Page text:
View on women shows gender equality is still a dream

THERE is a deep gulf between the call for women's equality in South Africa's model Constitution and society's predominantly archaic public attitudes towards women.

THERE is a deep gulf between the call for women's equality in South Africa's model Constitution and society's predominantly archaic public attitudes towards women.

Women are being pulled down by cultural, political, economical and religious prejudices, which undermine their full participation in the life of society, which in turn deprives both the broader democracy and economic development generally.

Continuing patriarchy in society means that women lack equality in sexual relationships, the family, workplace, culture, economy, politics and society.

Male leaders will have to set an example. During the 2004 elections campaign, then president Thabo Mbeki said he would klap his sister if she were to marry an opposition party leader. During President Jacob Zuma's rape trial in 2006 he claimed he could tell by the way a woman sat or the dress she wore that she was "looking for sex" and "culture" compelled him to oblige.

Of course, there is no part of African "culture" allowing this.

How far we still have to travel can readily be seen in public attitudes about rape incidents. Women are still condemned by society, the criminal justice and the political system as responsible for being raped.

African women felt the brunt of colonialism even more than men.

During the anti-apartheid period, African women, mothers and wives were the rock soaking up the individual, community and societal ruptures that the dehumanising assaults on the dignity, identity and self-image of blacks, wrought by colonialism.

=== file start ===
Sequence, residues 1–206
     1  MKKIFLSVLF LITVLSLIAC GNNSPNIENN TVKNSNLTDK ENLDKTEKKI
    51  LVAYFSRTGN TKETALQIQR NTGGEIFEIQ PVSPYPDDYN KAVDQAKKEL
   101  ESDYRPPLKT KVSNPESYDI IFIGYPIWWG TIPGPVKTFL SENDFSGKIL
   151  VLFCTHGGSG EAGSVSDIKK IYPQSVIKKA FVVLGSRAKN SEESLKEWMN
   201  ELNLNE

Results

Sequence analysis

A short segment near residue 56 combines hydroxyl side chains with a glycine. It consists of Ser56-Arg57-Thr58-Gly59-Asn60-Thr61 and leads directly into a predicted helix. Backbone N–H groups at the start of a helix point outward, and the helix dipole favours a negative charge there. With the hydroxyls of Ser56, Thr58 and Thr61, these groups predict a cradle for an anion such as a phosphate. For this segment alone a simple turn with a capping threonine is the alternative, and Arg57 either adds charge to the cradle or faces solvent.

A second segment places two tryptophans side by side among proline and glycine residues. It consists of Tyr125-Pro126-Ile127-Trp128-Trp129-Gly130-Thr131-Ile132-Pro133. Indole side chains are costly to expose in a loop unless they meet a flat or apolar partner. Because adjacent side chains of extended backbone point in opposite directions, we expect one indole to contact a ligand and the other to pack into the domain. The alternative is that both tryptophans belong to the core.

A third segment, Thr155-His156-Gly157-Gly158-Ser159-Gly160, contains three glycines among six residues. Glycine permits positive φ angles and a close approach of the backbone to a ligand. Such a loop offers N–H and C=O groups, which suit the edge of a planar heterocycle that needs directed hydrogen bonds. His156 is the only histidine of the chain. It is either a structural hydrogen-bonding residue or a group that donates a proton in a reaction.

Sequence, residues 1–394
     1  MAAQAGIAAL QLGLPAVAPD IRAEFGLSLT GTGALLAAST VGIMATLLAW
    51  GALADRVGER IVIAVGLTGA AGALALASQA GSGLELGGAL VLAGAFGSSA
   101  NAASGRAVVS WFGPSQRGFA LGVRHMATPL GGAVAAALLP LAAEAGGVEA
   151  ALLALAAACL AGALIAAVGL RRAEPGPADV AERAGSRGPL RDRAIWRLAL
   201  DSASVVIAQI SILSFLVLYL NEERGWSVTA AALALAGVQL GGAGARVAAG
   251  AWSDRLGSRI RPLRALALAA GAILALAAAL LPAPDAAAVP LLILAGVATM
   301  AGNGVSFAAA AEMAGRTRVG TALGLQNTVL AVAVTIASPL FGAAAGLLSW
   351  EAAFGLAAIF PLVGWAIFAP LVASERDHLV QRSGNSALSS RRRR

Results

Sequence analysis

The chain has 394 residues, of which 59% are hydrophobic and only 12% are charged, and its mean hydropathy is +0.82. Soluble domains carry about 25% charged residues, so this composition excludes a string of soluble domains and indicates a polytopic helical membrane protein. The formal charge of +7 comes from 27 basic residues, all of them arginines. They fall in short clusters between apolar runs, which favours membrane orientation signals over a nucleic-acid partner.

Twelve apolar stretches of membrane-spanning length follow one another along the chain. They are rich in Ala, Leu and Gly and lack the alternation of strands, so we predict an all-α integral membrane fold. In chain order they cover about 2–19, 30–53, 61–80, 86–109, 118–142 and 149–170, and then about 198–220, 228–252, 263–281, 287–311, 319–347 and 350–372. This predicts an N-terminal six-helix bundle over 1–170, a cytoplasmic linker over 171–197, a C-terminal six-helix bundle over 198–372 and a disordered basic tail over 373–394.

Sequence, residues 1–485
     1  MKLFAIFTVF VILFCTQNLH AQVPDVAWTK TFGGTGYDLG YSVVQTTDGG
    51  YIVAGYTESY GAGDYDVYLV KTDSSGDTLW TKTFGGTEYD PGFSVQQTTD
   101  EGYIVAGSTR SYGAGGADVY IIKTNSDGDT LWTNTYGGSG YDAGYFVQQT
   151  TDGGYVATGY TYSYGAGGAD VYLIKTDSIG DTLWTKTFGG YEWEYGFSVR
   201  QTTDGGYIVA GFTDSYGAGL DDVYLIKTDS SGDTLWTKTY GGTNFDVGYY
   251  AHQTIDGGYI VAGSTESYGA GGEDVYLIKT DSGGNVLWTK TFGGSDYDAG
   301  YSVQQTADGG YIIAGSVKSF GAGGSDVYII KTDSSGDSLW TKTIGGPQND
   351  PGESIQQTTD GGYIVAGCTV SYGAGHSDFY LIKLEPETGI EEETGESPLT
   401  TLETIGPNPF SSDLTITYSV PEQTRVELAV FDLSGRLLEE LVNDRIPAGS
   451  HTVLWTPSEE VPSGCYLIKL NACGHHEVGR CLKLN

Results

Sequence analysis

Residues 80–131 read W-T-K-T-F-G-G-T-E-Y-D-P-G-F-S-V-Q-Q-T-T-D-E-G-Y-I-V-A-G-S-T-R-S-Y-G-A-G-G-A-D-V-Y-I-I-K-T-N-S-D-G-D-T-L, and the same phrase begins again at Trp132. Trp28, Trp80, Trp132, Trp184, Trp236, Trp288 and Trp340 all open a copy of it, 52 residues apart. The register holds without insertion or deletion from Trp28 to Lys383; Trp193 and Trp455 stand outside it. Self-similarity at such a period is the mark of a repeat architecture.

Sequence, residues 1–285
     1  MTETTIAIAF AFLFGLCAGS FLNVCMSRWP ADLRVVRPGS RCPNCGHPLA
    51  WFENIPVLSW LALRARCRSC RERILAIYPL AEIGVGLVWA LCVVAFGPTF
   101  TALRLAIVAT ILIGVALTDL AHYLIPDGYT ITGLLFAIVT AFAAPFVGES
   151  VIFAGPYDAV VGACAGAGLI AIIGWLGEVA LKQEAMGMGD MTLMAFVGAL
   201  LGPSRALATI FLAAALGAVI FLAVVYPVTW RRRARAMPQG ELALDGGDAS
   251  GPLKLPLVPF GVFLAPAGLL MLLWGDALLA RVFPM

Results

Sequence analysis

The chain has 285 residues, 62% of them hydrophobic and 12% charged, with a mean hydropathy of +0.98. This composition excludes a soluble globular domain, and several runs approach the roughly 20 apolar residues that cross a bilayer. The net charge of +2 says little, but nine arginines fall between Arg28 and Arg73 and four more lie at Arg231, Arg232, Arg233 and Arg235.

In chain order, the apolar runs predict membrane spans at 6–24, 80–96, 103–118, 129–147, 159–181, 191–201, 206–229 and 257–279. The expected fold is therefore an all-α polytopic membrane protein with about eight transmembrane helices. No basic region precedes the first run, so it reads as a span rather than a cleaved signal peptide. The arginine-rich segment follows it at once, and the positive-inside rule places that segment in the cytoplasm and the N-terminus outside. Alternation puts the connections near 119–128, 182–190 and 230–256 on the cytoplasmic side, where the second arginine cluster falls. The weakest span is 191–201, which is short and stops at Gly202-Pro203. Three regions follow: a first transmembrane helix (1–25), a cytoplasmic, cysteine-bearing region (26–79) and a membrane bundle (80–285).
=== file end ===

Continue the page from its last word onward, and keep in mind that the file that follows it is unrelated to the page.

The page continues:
Often the powerlessness of black men in the face of the violence of apartheid administrations' often exploded into violence against women in families, homes and communities.

This is why it is so crucial that political leaders set a progressive example of male (white or black) self-identity that aligns itself with the Constitution.

There is a real danger that women will again face the brunt of the devastation of the global financial crisis. Furthermore, amid economic decline, feelings of powerlessness by male individuals, who often can see others more political connected, but not necessarily better qualified, creaming it, while they remain in poverty, are likely to increase. Self-worth is now measured by how much money you have.

But the democratic state has not been caring either. Our political leaders live in a cocoon of taxpayer-funded luxury, while the poor are being told to tighten their belts.

For another, traditional social bonds in black society, such as extended families, are being broken, as families increasingly fracture.

The ANC adopted a ground-breaking resolution at its national conference in Polokwane in December 2007, compelling 50percent representation for women in all ANC structures as well as government, Parliament, and independent democratic institutions.

Yet, as Home Affairs Minister Nkosazana Dlamini-Zuma remarked, it was up to the ANC leadership to ensure gender equality was "put into practice". "The ANC cannot run away from that struggle, it cannot preach the Struggle and then not practice what it preaches," she said.

The 50percent principle if transformed into practice may perhaps be the single most effective mechanism to transform not only the ANC from within, to translate gender equality into the everyday life of the organisation, but also of society.

It is a pity that the ANC Women's League is in such a mess. The Gender Equality Commission is also failing its constitutional mandate to monitor whether the policy of gender equality is implemented. To succeed, the commission must take head-on prejudiced political leaders.

lGumede is author of Thabo Mbeki and the Battle for the Soul of the ANC.